Our first in-country travel day. The train headed for Madrid left in the early afternoon, so we left in a bit. The train took about three hours, and we sort of tooled around Malasaña, our Madrid neighborhood, upon arrival.

Follow us as we moved from Barcelona to Madrid.

  • Pastries and coffee
  • Lunch on the train
  • Metro t-10 for Madrid
  • Dinner at Mercado de San Ildefonso
  • Grocery store for laundry detergent and misc items

Day Four total: $107

Day Five – Madrid

Stepping out on our first full day in Madrid found us mostly in our barrio. It had all the shops Eli wanted to hit, and plenty of great tapas and cafes. We also took the cable car here, but it was pretty much a dud of an attraction.

  • Coffee at Toma
  • Crepes for brunch
  • Cable car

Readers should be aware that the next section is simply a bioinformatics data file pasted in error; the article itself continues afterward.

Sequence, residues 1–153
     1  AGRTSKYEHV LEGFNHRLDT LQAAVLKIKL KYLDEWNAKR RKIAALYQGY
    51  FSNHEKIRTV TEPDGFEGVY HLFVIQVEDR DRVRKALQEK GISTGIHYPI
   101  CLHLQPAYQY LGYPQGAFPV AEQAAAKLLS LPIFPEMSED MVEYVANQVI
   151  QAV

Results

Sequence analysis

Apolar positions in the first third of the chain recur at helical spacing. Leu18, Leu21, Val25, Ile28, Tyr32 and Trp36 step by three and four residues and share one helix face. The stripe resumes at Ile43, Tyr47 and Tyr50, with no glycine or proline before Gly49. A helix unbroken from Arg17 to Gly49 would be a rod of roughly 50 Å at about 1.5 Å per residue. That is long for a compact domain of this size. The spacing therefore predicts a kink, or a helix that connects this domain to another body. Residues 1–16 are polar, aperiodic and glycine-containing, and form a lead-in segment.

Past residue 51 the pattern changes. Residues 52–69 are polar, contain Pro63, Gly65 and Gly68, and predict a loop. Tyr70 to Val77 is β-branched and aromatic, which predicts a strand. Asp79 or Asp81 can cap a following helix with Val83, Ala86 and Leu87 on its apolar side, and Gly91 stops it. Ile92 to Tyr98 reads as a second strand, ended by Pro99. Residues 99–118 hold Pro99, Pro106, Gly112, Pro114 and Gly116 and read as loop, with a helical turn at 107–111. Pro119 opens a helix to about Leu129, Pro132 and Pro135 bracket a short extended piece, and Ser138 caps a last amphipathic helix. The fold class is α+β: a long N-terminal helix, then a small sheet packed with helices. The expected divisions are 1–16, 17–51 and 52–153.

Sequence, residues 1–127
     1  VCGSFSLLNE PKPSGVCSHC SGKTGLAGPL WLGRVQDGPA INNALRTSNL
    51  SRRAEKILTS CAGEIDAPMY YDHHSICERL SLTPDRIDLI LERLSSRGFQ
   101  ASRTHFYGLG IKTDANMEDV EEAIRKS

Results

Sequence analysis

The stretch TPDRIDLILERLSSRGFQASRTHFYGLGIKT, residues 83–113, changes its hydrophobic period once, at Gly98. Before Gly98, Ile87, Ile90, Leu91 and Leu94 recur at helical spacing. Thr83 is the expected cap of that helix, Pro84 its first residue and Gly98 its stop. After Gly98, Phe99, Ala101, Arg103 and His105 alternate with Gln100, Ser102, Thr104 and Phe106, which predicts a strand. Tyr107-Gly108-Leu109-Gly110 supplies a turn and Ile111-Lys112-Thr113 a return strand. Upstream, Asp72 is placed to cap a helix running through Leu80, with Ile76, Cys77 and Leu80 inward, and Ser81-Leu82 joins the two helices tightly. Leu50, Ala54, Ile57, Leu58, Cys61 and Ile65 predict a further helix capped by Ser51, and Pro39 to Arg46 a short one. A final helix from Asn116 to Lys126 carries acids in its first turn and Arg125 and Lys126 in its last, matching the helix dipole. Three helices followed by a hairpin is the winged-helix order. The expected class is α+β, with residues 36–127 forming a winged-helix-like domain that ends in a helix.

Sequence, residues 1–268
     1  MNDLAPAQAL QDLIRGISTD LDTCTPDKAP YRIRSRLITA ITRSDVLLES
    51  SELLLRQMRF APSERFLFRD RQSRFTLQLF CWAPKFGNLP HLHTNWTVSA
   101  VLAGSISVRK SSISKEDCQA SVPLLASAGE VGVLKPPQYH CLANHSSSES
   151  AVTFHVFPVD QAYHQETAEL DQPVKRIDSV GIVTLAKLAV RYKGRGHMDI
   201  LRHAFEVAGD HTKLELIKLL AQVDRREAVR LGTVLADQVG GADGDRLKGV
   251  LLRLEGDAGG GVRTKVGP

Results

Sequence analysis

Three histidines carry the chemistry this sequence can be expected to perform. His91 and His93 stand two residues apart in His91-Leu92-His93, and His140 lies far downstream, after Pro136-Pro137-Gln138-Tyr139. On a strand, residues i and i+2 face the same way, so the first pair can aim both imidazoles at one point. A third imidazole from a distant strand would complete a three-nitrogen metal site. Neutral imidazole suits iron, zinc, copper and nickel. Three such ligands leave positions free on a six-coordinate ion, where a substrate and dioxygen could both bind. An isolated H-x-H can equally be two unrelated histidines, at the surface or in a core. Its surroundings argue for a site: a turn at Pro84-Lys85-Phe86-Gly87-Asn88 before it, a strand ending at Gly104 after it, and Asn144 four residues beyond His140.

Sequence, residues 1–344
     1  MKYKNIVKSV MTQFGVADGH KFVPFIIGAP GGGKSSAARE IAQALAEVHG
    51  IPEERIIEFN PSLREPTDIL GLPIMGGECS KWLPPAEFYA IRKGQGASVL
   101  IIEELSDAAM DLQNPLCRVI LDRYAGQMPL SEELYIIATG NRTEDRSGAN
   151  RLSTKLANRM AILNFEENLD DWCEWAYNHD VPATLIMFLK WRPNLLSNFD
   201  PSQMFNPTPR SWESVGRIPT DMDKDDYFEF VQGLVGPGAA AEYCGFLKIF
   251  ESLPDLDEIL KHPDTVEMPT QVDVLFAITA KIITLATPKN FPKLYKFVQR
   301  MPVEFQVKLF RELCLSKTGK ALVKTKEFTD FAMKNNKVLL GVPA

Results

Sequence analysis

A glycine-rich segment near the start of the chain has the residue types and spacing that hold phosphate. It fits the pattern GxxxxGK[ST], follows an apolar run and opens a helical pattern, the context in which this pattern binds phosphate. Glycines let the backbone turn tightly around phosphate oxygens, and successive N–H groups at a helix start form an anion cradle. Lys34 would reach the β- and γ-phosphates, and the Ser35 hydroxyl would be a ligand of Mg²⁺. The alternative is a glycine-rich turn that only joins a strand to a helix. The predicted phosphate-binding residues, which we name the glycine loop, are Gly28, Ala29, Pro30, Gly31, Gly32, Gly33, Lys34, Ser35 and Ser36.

• Afternoon drinks
  • Dinner at La Musa

Day Five total: $93

Day Six – Madrid

A great day all around. One of the highlights of our trip was La Tabacalera, a hidden gem of wonderful street art, especially at only a few Euro in donation.

Join us as we wander Madrid.

  • Pastries and coffee at La Doña
  • Tabacalera donation
  • Lunch at La Gringa
  • Museo ABC entrance
  • Afternoon cocktails at Ojala
  • Dinner at SlowMex
  • Dessert at Malvys Shakes

Day Six total: $99

Day Seven – Madrid

The final day in Madrid was all about the La Liga match, Atletico de Madrid v. Getafe. We grabbed decent seats for a very reasonable $80 ($40/person). The rest of the day just led up to that. Rest assured, there was coffee, food and afternoon drinks.

  • Brunch at Federal
  • Afternoon drinks at Cappuccino
  • Dinner at Arepa Mai
  • Match scarf (necessary for the collection)
  • Late night snack at La Doña

Day Seven total: $184

Day Eight – Madrid to Seville

Another travel day, another train … this time Madrid to Seville. With the train ride being mid-afternoon, our day was split between the morning in Madrid and the evening in Seville.

See how we enjoyed all that Seville had to offer.

  • Pastries at Granier
  • Metro to the train station
  • Lunch on the train
  • City bus to Airbnb
  • Evening drinks at Cafe Hercules